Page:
Lots of people love to travel – seeing new sights and trying new experiences can be both thrilling and rejuvenating. Stacey Divone, a.k.a. The Girl with the Portable Pancreas, shares this passion. Since she has been living with type 1 diabetes for 31 years and now takes at least one trip abroad each year, I thought she might have some valuable learnings to share, specific to flying while living with diabetes.
Most recently Stacey traveled with her husband to Costa Rica. When flying, she recommends having identification with you that declares you have diabetes. She also knows people who carry a letter from their physicians, stating that they have diabetes, and are required to have specific supplies with them.
“I keep my medical alert bracelet on at all times. In addition to that, I carry a medical ID card that states that I’m a diabetic,” she said.
“On our trip coming home from Costa Rica, my insulin pump set off the metal detector,” Stacey remembered. “When they were doing the pat-down, the female agent felt the pump and she asked what it was. I wasn’t sure if she would understand what an insulin pump was, so I pointed to my medical alert bracelet and said it’s medical. She actually understood and said ‘insulina,’ which is Spanish for ‘insulin.’”
Given this experience, Stacey suggests learning words related to diabetes in other languages, especially when traveling to foreign countries.
Since some airports have instituted the use of body scanners, Stacey has opted out of passing through them, choosing instead to go through a pat-down security check. “I’ve heard from numerous diabetes device companies that that’s probably the best route to take,” she said.
Stacey prepares for her trips by bringing an abundance of supplies. “We typically go away for maybe six days, but I bring enough supplies to last me for about a month,” she explained. “The supplies take up a lot of room but I’d rather be safe than sorry. Just imagine if your flights are delayed and you’re stuck there an extra day or more. It’s so reassuring to have more than you may otherwise need.” Another way Stacey plans for the unexpected is by packing a back-up pump.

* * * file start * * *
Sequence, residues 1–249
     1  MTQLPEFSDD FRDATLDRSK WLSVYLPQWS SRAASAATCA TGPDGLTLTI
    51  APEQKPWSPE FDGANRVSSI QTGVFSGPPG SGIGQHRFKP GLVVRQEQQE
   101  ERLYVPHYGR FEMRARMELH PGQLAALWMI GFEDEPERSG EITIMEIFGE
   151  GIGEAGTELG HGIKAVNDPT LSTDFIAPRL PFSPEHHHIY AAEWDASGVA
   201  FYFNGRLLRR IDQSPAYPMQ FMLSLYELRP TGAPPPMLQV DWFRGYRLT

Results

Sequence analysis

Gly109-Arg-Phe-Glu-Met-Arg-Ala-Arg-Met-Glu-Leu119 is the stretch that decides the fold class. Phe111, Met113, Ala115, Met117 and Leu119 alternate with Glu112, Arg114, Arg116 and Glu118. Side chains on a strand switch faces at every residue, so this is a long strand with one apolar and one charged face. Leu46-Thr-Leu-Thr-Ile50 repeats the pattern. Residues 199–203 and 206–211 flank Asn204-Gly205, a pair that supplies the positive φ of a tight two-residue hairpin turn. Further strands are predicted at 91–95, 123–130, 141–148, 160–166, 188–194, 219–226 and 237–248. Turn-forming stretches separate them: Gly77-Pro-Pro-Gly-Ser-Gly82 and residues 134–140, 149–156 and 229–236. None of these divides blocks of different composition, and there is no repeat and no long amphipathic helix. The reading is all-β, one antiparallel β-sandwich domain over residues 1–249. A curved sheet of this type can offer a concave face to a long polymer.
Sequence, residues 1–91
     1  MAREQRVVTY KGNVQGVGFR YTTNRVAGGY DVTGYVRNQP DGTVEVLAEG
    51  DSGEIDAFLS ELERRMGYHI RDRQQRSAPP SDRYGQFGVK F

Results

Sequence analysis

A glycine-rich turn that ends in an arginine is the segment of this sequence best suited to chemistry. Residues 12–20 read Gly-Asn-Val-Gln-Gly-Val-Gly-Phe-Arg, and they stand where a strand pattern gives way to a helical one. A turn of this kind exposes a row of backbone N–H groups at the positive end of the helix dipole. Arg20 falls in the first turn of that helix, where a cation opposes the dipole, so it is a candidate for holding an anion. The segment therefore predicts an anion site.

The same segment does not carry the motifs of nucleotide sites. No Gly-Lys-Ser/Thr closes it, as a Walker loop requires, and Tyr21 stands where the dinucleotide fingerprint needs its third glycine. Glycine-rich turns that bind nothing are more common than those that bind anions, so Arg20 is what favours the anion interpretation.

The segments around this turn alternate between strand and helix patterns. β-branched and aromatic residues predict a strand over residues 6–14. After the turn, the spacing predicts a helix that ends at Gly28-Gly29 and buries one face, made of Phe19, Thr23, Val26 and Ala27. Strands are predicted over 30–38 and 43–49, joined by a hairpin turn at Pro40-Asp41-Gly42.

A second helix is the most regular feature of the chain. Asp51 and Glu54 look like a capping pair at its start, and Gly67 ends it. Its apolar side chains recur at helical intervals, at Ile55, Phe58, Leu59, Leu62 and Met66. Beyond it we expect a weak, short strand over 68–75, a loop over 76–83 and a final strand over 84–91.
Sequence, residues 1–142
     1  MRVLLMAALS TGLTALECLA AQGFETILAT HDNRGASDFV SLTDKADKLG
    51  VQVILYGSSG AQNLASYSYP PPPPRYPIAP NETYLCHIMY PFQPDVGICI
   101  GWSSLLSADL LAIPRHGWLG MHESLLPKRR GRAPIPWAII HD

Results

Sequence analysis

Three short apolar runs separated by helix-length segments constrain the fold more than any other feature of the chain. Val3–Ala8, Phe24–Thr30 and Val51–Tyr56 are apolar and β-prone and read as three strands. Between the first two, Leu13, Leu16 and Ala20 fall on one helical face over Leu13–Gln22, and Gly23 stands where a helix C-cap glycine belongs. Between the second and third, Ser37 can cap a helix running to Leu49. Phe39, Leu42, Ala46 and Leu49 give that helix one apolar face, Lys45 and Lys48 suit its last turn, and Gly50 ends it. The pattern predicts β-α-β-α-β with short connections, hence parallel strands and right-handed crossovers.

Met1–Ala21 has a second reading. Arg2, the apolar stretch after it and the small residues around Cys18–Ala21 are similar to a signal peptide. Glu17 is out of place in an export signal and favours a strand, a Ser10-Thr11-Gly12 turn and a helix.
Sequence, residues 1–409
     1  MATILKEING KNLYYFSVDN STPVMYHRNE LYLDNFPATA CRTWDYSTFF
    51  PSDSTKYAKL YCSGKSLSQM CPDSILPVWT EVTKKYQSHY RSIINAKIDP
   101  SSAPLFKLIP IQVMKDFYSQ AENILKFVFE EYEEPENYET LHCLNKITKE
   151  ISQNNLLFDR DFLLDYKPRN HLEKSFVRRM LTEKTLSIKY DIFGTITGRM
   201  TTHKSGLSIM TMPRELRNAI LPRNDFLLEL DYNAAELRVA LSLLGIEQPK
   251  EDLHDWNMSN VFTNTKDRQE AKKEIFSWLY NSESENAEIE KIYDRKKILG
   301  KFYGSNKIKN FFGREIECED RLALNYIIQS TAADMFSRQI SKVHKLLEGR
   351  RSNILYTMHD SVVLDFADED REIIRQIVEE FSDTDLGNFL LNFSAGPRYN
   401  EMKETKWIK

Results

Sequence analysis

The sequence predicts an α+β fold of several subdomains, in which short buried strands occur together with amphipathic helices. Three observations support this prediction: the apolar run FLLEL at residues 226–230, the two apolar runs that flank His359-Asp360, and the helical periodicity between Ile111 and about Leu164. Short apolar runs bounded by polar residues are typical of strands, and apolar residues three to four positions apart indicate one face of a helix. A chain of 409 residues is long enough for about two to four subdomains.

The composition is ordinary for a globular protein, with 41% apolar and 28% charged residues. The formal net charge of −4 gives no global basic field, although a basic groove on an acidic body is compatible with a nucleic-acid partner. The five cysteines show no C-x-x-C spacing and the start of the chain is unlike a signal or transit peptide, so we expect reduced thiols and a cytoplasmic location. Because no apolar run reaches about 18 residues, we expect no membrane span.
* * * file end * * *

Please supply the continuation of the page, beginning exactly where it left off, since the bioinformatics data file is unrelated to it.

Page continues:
Stacey also monitors her blood sugar frequently while in the air. “The longer the flight, the longer I’m sitting, and that may play a part in my blood sugar level,” she said. “I may need to make adjustments if I know I’m going to be on the plane for additional time. If my blood sugar does rise while in the air, I can correct as needed, and see if the corrections work.”
Despite the added precautions, Stacey remains a strong advocate for traveling while living with diabetes. “Try not to let packing and preparing for a vacation with diabetes stress you out,” she advises. “Don’t let it keep you from traveling if possible because if you are able, it’s so worth it.”
Seems to me that Stacey’s tips may be very helpful as you think about your next air travel adventure. Regarding the abundance of supplies, I have also heard DOC members speak about packing them across multiple bags in the event one of your bags is lost or stolen. I am greatly appreciative of Stacey for taking the time to share her air travel experiences with us.
All the best,
Disclosure: Stacey Divone received no compensation for this post. All opinions contained in this post reflect those of the interviewee, and not of Sanofi US, its employees, agencies or affiliates.